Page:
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The Colorado Avalanche: News from around the NHL - March 13th, 2014

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Doug Pensinger

Roy wanted to surprise the hockey world, and the players bought into it.

The Colorado Avalanche may lead the National Hockey League in “Who?”

But it isn’t necessarily the who, it’s the what: And what the Avalanche have been doing this season with who they have on their roster has been a source of endless fascination for many who closely follow the league. Featuring many players that couldn’t find an opportunity in other organizations, the Avs have had a firm grasp on a playoff spot in the Western Conference all season long under first-year head coach Patrick Roy.

To be sure, Colorado has an excellent young core with top draft choices like Matt Duchene, Nathan MacKinnon and Gabriel Landeskog. But without little-known names like Marc-Andre Cliche and Nick Holden making contributions every night, a glance at the standings might not be so friendly for the remainder of the group.

Unsurprisingly Peverley is not expected to play the rest of the season.

Rich Peverley will not play again this season after collapsing on the bench during a game.

Whether the Dallas Stars’ forward will ever play again won’t be known until after more extensive work is done to evaluate his irregular heartbeat.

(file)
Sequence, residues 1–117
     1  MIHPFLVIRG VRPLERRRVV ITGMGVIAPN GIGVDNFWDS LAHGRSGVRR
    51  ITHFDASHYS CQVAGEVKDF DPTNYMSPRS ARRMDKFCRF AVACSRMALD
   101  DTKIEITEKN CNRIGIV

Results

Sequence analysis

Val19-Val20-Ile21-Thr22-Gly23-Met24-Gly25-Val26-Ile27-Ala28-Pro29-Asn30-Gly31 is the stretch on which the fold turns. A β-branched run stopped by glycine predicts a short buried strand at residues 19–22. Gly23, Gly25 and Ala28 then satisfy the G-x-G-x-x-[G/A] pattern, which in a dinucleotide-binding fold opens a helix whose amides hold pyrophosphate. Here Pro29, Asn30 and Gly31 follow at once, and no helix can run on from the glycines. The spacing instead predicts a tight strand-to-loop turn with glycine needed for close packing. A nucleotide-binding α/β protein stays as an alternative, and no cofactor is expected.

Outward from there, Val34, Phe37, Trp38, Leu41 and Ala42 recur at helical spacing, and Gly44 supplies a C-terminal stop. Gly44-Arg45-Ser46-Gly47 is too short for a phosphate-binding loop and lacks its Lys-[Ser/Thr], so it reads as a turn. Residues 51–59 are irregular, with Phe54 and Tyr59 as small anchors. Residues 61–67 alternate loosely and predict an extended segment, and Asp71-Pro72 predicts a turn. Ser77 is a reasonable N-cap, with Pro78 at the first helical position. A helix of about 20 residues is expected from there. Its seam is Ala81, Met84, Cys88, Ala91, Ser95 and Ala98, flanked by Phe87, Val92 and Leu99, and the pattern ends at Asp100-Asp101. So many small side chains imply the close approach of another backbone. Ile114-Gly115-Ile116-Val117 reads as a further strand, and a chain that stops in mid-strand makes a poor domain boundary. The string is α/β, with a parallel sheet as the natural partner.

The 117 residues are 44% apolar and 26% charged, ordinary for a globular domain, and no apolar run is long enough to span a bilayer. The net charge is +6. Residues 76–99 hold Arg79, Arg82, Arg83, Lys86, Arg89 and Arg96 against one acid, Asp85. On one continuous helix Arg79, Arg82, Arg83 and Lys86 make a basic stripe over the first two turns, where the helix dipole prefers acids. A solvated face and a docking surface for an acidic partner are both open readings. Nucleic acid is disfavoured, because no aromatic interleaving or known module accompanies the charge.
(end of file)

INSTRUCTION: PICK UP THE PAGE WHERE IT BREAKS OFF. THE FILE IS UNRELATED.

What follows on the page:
Peverley appeared briefly at a news conference Wednesday, reading nervously from a statement that thanked “the number of people that saved my life” after he went down in the first period of a game against Columbus, stunning players, coaches and fans.

The NHL wants all teams to get their information during the Scouting Combine, as such they are making changes to what can and cannot happen with potential draftees.

Here's what is allowed:

"After the combine, you can bring a player to your city, interview him, take him out to dinner, medically test him, MRI him, whatever you need to do," said NHL senior executive vice-president Colin Campbell. "But you can't physically test him, you can't put him on the ice, you can't do any of that."

Players who are not invited to the combine can be brought to a city and physically tested and/or put on ice.

So what's the punishment for team's that break the rule?

"It's a significant fine," Campbell said. "[Commissioner Bettman] has to get approval from the board of governors to do that. In the past, it was a smaller fine... Our guys even talked about the possibility of attaching a draft choice to it, to make it significant. We didn't go there."